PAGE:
Dardhon Sharling, Secretary of the Department of Information and International Relations of the Central Tibetan Administration (DIIR, CTA) explained that Tibet had been an independent nation until 1949 when it was invaded by the Communist Chinese and subject to military occupation. His Holiness escaped to India in 1959 after which the democratic CTA was set up. China, she said, wants complete control over Tibet, which provoked uprisings in 1959, the 1980s and 2008, followed by brutal crackdowns.

Sharling described how Tibetans continue to resist, citing the example of 32 protests held against mining in an area Tibetans consider sacred. She was clear that non-violent resistance involves action; it’s not about adopting a passive stance. Turning to a monk by her side she said, “Golok Jigme here hasn’t given up, nor can we. We have to use our freedom to support people like him. Let’s act to make a change—join us.”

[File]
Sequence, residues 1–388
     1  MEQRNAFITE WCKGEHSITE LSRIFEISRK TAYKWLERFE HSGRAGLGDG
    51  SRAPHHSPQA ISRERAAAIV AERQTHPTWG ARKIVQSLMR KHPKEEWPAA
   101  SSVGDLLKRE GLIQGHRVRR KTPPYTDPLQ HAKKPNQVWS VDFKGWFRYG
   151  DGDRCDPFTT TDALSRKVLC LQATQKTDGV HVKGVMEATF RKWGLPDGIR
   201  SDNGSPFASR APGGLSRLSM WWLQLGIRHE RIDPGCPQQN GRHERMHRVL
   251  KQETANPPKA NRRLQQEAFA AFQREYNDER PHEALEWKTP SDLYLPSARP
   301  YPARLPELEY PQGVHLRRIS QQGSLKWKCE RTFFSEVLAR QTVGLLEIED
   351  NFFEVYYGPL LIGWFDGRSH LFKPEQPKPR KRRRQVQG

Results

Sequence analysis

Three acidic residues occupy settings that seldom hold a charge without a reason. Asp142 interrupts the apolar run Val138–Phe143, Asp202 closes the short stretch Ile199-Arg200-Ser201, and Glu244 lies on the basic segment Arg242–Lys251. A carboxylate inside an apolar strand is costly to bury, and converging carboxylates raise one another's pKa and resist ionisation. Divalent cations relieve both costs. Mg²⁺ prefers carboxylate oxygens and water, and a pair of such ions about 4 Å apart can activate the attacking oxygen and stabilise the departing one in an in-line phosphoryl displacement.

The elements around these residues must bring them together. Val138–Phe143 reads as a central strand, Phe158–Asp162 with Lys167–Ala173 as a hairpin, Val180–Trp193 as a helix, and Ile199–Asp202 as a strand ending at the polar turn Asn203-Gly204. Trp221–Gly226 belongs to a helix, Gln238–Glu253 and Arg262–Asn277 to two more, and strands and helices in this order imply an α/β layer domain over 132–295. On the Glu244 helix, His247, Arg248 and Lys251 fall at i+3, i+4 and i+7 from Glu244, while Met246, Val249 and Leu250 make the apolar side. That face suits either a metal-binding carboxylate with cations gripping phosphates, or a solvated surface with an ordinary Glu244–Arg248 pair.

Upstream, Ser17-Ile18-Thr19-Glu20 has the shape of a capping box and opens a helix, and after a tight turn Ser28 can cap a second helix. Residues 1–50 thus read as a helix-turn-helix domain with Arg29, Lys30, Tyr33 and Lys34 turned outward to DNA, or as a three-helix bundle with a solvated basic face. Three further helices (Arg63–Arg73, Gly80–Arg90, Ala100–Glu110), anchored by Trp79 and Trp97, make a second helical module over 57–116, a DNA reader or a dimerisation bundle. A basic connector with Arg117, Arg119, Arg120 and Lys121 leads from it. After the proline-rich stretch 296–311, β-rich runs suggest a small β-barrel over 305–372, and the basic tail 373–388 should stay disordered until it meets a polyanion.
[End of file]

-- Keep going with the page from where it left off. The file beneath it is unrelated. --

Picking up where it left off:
Remarking that Mahatma Gandhi said that non-violence is a weapon of the strong, Hayali asked His Holiness for his thoughts.

Dear brothers and sisters,” he responded, “it’s a great honour to participate in this event. People are disturbed by violence and the desire for peace is increasing year by year. To achieve it we have to adopt a realistic approach, taking account of scientific findings that basic human nature is compassionate. After so much violence, what positive result has there been—none. Only more hatred. Violence is not the right method for solving problems.